As Federal Way sees a recent uptick in crime, the mayor is asking the Federal Way City Council to approve adding 13 more officer positions to the city’s police force.
The mayor’s recommendation was presented Sept. 21, suggesting that the City Council approve to add 13 officers to the police department. The approval would increase the city’s police force from 137 to 150 authorized officers.
However, the amount of authorized officers does not show the police force’s actual numbers.
“We are 11 officers down as of today due to retirements, career changes, and lateral transfers,” said Steve McNey, communications director for the Mayor’s Office on Sept. 20. “However, we interviewed two candidates this afternoon and we are in the process of clearing backgrounds on ten more.”
Five more officers were placed on paid administrative leave after officers shot a man who attempted three carjackings, then pointed a gun at officers on the late afternoon of Sept. 20. The officers are on leave pending the Valley Independent Investigations Team’s review of the shooting.
Based on April 2020 U.S. Census data, Federal Way’s population is approximately 101,030 residents.
As of the department’s numbers on Sept. 21, Federal Way has 121 staffed officers, or a ratio of approximately 1.19 officers per 1,000 residents.
The mayor’s proposal suggests distributing the 13 additional officers among the department: six officers to patrol (one officer per each patrol squad), four offices to form a pro-act unit, two officers assigned to the Special Operations Unit (SOU), and one officer assigned to the traffic unit.
“Pro-act is part of the Special Investigations Unit, responsible for gang suppression, highway/downtown patrol, narcotics investigations and drug houses, neighborhood complaints of criminal activity, asset seizure management, adult business monitoring, and prostitution prevention enforcement,” according to the city. There has not been a “pro-act” branch of the unit in 14 years.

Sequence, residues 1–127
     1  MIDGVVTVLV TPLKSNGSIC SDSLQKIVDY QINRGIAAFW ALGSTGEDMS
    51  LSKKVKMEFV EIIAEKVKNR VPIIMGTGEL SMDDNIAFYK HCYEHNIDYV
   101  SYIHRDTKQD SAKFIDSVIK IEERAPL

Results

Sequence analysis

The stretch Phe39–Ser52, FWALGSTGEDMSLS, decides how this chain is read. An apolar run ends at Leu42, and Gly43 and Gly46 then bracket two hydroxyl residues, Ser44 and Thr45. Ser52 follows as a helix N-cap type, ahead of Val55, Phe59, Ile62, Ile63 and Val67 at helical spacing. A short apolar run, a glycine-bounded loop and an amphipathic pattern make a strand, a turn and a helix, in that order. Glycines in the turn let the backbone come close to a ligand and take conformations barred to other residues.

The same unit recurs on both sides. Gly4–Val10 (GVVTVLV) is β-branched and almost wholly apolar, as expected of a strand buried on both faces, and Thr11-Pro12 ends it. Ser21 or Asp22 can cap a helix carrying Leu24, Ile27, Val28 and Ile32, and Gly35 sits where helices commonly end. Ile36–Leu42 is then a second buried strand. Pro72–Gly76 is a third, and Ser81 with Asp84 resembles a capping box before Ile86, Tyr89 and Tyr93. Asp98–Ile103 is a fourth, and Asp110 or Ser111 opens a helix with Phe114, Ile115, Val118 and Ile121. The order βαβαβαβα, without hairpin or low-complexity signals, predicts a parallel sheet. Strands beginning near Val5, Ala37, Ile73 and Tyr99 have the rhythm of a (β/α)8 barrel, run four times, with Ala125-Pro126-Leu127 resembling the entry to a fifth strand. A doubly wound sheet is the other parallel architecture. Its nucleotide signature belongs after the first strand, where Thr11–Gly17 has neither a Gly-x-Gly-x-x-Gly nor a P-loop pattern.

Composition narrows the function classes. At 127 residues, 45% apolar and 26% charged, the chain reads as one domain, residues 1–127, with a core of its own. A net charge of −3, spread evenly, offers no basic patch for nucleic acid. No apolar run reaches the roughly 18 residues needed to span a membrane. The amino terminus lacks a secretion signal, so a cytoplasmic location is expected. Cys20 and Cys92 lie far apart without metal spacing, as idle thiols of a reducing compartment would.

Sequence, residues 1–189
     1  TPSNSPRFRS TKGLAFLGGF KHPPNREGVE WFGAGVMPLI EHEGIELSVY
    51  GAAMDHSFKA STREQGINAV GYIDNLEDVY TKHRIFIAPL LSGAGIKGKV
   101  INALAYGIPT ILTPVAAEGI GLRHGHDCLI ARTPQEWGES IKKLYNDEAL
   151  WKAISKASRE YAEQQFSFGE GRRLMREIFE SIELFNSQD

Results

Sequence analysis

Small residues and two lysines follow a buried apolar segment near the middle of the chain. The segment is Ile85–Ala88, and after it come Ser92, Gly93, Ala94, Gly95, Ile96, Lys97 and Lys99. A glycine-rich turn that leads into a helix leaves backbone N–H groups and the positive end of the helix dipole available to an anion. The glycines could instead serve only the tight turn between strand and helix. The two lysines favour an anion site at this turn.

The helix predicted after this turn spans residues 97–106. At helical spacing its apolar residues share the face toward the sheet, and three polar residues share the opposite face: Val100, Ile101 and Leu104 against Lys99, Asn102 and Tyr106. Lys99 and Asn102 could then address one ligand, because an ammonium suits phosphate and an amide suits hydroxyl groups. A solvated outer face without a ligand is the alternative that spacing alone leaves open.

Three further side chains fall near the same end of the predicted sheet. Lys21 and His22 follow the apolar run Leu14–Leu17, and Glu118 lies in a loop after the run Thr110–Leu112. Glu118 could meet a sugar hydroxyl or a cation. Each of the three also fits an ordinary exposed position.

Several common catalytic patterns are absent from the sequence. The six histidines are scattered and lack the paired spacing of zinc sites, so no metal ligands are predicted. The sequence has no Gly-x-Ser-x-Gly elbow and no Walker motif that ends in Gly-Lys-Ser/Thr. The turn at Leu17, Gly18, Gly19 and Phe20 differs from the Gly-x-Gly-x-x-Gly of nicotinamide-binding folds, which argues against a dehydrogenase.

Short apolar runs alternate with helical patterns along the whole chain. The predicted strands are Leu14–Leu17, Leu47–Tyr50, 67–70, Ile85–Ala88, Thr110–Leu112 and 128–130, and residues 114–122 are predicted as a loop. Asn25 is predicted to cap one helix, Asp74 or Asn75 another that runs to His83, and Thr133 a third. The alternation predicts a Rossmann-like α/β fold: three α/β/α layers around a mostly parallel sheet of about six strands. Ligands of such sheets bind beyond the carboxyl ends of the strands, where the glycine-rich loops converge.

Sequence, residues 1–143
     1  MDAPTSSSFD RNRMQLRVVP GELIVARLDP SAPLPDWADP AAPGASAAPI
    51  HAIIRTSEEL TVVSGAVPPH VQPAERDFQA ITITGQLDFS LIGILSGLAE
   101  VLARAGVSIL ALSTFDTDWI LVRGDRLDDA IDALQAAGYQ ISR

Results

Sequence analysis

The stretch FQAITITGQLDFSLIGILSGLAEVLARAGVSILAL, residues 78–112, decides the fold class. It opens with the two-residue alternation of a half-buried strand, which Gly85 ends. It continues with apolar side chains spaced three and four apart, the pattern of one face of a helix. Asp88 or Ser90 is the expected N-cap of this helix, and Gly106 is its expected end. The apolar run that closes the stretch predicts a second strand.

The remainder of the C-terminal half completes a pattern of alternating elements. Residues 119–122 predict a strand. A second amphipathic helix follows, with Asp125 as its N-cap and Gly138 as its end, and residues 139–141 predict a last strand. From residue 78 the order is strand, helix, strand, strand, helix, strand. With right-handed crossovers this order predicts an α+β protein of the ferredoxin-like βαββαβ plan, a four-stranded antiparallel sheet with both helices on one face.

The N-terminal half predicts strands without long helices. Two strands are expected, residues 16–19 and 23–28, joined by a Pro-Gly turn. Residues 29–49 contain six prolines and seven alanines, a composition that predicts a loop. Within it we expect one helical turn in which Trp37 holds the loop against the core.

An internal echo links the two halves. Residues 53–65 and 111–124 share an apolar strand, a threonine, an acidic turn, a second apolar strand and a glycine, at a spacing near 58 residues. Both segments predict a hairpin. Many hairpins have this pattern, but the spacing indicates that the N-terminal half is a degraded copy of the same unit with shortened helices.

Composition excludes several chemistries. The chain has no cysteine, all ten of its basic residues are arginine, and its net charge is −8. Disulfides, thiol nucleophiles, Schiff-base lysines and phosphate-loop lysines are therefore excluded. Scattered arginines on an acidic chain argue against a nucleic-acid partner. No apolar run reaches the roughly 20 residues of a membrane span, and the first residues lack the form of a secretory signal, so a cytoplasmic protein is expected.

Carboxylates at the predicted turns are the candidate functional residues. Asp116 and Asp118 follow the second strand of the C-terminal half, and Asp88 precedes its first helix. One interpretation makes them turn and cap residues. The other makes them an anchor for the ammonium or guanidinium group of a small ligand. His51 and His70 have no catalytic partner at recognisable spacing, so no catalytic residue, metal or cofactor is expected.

In addition to adding police officers, two additional records specialists will be required in order to maintain serving the public.
In 2007, the department was authorized for 136 officers and dropped to 122 officer positions in 2008 due to the recession, according to the city.
In the years since, Federal Way has slowly crept back to 137 authorized positions. Now, with several recent shootings and other violent crimes on the rise, the city is under pressure to regain a grasp on the safety of Federal Way.
“Federal Way’s population and calls for service support an authorized strength of 150 police officers,” the mayor’s proposal stated. The 150 officers equate to a ratio of 1.49 per 1,000 residents, based on last year’s population of 101,030.
Bringing on the additional 13 would require funding $1.27 million for officers’ salaries and benefits; $126,386 for the salaries and benefits of two records specialists; $183,000 in equipment and uniforms; and $962,000 for 13 patrols vehicles.
The department also has a current need of 15 additional police vehicles to accommodate existing police staff, according to the city. The total cost is approximately $1.1 million.
The proposed program also asks for $98,000 for hiring bonuses. The proposed bonus is $20,000 for lateral transfer officers and $2,000 for entry-level officers.
“Based on our normal hiring rates, we estimate four of the 13 may be laterals ($80,000) and nine will be entry ($18,000),” according to the mayor’s proposal.
“ARPA [American Rescue Plan Act] revenue is considered for the capital acquisition of vehicles, but ruled out for now, because of the on-going replacement budgeting,” according to the city. “We could, however, pivot to ARPA, but a significant concern is perpetual replacement funding of an expanded fleet in future budgets. Either way, feasibility depends on committing to prioritizing this in 2023-24 and future-year budgets.”
After discussing the funding, concerns and questions associated with the proposal at the Federal Way City Council regular meeting on Tuesday, Mayor Jim Ferrell said the authorization will be up for action during the Oct. 19 council meeting.
“This is a very aggressive recommendation,” said Ferrell. “It is a historic recommendation that I am making to the council.”